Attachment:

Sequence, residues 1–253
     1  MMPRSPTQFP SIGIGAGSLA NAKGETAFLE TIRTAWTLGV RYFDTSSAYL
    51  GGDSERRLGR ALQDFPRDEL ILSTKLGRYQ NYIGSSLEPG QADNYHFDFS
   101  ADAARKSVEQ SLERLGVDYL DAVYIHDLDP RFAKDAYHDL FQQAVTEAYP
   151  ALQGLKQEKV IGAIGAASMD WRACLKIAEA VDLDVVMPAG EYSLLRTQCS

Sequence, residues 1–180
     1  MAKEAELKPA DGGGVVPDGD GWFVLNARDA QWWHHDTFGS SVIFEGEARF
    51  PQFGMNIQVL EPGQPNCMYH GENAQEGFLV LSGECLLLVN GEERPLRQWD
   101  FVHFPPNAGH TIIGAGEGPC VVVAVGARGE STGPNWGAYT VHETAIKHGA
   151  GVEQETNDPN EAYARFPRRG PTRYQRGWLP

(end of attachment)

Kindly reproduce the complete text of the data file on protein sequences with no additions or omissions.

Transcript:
Sequence, residues 1–253
     1  MMPRSPTQFP SIGIGAGSLA NAKGETAFLE TIRTAWTLGV RYFDTSSAYL
    51  GGDSERRLGR ALQDFPRDEL ILSTKLGRYQ NYIGSSLEPG QADNYHFDFS
   101  ADAARKSVEQ SLERLGVDYL DAVYIHDLDP RFAKDAYHDL FQQAVTEAYP
   151  ALQGLKQEKV IGAIGAASMD WRACLKIAEA VDLDVVMPAG EYSLLRTQCS

Sequence, residues 1–180
     1  MAKEAELKPA DGGGVVPDGD GWFVLNARDA QWWHHDTFGS SVIFEGEARF
    51  PQFGMNIQVL EPGQPNCMYH GENAQEGFLV LSGECLLLVN GEERPLRQWD
   101  FVHFPPNAGH TIIGAGEGPC VVVAVGARGE STGPNWGAYT VHETAIKHGA
   151  GVEQETNDPN EAYARFPRRG PTRYQRGWLP